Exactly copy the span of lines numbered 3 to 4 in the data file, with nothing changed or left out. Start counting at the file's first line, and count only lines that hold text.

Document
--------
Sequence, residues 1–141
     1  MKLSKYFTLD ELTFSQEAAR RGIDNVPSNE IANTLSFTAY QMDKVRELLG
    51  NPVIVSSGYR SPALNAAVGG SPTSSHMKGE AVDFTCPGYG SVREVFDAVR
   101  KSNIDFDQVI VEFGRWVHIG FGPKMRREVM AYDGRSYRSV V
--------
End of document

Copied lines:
    51  NPVIVSSGYR SPALNAAVGG SPTSSHMKGE AVDFTCPGYG SVREVFDAVR
   101  KSNIDFDQVI VEFGRWVHIG FGPKMRREVM AYDGRSYRSV V